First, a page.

Turner Sports Revs Up the Audio for NASCAR Sprint Cup Series Racing
Turner Sports nearly doubled the number of microphones it deployed for the Kentucky Speedway’s first-ever Sprint Cup Series race last Saturday. As part of a long-considered strategy of more deeply engaging the viewer and letting the race create more of its own narrative, 40 microphones were added to the 50 or so that Turner usually uses for a NASCAR event on a 1.5-mile track like this, for a total of about 90 microphones.
About half of those mics were positioned along the safety-wall barriers coming out of the turns. These contact microphones were intended to more comprehensively pick up the sound of cars colliding with the walls. The rest of the additional microphones were used to add audio coverage of the pits, where a combination of fixed and movable Sennheiser 816 and 416 shotgun mics were used.
“One of the things we noticed on looking back at previous broadcasts of NASCAR is that, when there are crashes into the walls, you kind of hear it, but you don’t really hear it. You’re not hearing the impact with the same intensity that you’re seeing it with,” says Tom Sahara, VP of operations and technology for Turner Sports. “The additional microphones added significantly to the ability to capture that sound, he says.
The other half of the increased microphone complement beefed up coverage of the pit-stop areas, where Sahara says a lot of the race’s narrative is formed.
“There are a lot of resources applied to the pit compared to the amount of time the cars spend in them, but it’s such a critical part of the race that being able to hear everything that goes on is important,” he notes. “That’s been a weak spot in the past. We’ve had coverage of the pits, but we had to be lucky to have a camera near one when it was being used. This time, we covered them all.”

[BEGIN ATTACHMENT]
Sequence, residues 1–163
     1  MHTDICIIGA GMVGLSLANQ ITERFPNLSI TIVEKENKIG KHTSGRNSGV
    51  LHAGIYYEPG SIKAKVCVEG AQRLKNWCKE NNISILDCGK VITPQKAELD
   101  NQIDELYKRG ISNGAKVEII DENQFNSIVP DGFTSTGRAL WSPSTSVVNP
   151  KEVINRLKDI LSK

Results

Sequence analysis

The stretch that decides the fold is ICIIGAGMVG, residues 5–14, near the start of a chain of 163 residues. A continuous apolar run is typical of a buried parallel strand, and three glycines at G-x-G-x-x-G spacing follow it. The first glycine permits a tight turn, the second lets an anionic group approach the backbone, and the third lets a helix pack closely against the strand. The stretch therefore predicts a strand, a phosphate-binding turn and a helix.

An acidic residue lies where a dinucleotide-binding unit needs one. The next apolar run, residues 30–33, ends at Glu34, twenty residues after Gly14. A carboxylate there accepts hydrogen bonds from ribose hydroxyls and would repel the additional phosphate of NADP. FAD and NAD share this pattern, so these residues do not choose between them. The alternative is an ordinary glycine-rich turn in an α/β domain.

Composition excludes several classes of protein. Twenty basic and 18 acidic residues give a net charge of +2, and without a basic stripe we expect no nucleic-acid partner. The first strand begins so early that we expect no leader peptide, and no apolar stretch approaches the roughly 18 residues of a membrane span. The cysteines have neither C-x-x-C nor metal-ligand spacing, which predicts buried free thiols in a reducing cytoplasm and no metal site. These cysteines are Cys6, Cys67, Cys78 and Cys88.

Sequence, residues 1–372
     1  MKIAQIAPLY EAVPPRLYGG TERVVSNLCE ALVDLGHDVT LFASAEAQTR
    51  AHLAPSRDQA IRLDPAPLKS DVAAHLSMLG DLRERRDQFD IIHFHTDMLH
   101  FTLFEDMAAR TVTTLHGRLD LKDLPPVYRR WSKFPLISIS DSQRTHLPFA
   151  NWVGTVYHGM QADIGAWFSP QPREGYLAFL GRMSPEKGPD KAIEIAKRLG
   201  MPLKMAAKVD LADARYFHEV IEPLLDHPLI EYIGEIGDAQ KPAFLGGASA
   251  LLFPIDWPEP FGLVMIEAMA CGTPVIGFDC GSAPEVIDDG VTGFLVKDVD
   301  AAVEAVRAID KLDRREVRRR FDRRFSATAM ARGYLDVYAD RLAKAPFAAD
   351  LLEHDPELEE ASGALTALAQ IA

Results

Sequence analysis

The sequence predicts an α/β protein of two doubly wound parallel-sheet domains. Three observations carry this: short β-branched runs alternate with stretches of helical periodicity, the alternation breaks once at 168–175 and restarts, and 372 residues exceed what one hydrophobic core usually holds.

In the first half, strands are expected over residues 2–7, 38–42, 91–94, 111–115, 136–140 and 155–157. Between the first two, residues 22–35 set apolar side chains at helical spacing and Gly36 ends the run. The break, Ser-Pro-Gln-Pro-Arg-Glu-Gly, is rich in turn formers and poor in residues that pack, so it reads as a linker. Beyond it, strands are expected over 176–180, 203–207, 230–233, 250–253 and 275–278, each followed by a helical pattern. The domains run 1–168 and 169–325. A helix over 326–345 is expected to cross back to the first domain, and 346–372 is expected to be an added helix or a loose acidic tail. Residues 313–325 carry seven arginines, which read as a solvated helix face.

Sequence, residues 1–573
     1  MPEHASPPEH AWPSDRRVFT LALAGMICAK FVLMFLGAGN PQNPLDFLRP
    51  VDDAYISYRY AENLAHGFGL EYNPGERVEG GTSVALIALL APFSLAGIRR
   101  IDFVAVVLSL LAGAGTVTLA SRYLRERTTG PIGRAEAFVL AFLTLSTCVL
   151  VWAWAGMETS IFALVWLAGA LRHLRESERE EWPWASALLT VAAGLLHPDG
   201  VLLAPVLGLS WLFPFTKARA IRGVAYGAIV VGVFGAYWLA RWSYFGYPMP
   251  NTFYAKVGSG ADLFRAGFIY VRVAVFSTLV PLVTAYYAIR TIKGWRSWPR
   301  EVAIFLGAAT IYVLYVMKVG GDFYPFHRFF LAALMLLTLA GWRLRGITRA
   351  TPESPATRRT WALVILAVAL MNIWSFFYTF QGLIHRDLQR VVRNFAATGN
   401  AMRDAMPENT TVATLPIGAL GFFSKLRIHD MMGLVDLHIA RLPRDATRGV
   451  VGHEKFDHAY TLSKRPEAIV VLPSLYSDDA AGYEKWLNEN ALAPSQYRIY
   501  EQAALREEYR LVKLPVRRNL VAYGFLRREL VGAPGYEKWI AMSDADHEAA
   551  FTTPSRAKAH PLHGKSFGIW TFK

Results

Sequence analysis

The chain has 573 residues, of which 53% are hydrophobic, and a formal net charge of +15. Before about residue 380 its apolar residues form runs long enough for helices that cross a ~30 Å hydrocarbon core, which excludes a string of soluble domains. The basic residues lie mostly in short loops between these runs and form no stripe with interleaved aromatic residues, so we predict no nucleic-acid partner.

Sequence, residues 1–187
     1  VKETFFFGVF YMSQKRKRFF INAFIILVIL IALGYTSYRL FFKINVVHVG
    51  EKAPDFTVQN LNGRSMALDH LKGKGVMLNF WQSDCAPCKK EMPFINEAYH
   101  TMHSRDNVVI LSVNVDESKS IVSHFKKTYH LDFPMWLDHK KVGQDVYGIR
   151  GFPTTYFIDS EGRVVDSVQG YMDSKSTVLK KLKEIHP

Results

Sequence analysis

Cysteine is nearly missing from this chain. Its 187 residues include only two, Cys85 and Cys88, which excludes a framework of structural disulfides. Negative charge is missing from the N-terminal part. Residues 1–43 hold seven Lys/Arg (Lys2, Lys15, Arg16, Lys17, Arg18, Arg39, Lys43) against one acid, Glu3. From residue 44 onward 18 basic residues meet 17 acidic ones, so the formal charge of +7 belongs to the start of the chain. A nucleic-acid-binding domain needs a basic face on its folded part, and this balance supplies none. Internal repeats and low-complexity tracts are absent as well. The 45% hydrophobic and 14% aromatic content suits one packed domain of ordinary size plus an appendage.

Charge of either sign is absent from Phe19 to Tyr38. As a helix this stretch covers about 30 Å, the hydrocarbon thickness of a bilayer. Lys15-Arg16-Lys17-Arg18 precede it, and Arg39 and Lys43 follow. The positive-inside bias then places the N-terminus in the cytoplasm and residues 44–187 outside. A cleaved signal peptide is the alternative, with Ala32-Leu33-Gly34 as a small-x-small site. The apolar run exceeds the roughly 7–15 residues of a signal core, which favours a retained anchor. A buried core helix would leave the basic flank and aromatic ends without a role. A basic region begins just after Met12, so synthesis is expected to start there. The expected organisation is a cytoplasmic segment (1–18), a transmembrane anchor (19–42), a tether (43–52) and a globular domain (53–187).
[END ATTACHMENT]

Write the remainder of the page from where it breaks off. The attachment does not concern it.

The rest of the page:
In one instance, Sahara says, the audio was so compelling that the production team was able to keep the picture focused on the pits for several pit stops in a row.
The additional microphones picked up key sounds like air wrenches, tire squeals, and the occasional tool hitting the ground. More-intense coverage could lead to an epithet or two, which, Sahara says, would be muffle sufficiently by the crew’s helmets.
The Kentucky Speedway race included TNT’s Inside Trax segment, with crew chiefs wired for sound. The course’s 1.5-mile length, which positioned the crew chief and observer farther away from the race action than at smaller tracks, helped reduce the ambient noise that Sahara says can plague the segment. Inside Trax uses a lavaliere microphone attached to the crew chief’s own headset-microphone boom.
TNT has changed little for in-car audio. Sahara says that they used the practice runs to try new positioning of microphones within the cars to complement the driver-crew radio-communications audio.
The enhanced audio coverage goes beyond adding equipment, personnel, and placements. Sahara says it extends to a larger strategy, including more-extended periods during which the announcers would lay out and the race audio would take center stage.
“The idea is to let the viewers listen in and hear the sounds of the race, the crews and drivers discussing pit strategy and problems with the cars,” he says. “We wanted to let the video and the sound do the explaining. In the past, you’d get bits of that, but this time, we wanted to let viewers have the whole conversations.”
According to Sahara, that strategy got good reviews on Twitter and Facebook, which he uses to monitor feedback on the broadcasts.
“NASCAR fans liked hearing the chatter between driver and spotter,” he says. “The announcers were also able to explain what was said that added a deeper insight into the race team’s strategy. The sonic impact was clearly there in 5.1 surround, especially the pit action. It brought the viewer closer to the action.
“It worked great on the weekend,” he adds. “This is something we’ve been thinking about for a long time, [and] it’s great to get to try it out.”